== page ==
Congress looks into Dow-DuPont merger and other agri-business consolidation
The U.S. Senate Judiciary Committee is holding a hearing this week that could affect the planned merger of Midland-based Dow Chemical and DuPont.
Iowa Senator Chuck Grassley is the chairman of the Senate Judiciary Committee. He called the special hearing into Consolidation and Competition in the U.S. Seed and Agrochemical Industry. Grassley is concerned major consolidation in the agri-chemical industry will mean less competition and hurt American farmers.
“The seed and chemical industries are critical to agriculture and the nation’s economy, and Iowans are concerned that this sudden consolidation in the industry could cause rising input costs in an already declining agriculture economy,” Grassley said.
That’s a big concern for Michigan farmers.
“The farmer’s the one that doesn’t have the ability to pass that … additional cost on to their customer. That’s the unfortunate spot agriculture most often in,” says John Kran, the Michigan Farm Bureau’s national legislative counsel.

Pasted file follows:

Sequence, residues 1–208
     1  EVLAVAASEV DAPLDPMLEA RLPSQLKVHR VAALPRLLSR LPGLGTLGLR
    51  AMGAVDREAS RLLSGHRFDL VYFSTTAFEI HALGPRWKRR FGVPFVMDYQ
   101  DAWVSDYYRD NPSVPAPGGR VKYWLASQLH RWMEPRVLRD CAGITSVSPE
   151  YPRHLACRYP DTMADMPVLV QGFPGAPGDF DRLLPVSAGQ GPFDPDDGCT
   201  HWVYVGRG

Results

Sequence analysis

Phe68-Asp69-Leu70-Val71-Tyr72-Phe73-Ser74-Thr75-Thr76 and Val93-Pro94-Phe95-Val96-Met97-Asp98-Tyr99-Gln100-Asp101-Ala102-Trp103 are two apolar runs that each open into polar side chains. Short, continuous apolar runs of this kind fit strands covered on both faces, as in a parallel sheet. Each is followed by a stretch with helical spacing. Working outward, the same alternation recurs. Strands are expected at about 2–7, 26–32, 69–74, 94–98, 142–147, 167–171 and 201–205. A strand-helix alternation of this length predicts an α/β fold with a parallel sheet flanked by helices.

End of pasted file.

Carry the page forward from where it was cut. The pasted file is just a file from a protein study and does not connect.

Tuesday’s hearing will include testimony from top officials with Midland-based Dow Chemical, DuPont, Monsanto, Bayer and several national agri-business and farming groups.
Dow spokeswoman Rachelle Schikorra says the Midland company’s representative will testify “about the pro-competitive aspects of the merger and how we will be better able to help farmers by providing greater choice, more innovative products, and competitive price for value, ultimately increasing grower productivity and profitability.”
Officials with Midland-based Dow still hopes to complete the $130 billion merger with DuPont by the end of the year. The plan is for the merged company to eventual divide into three smaller chemical businesses, each focusing on a different area.
But European regulators could delay that until next year.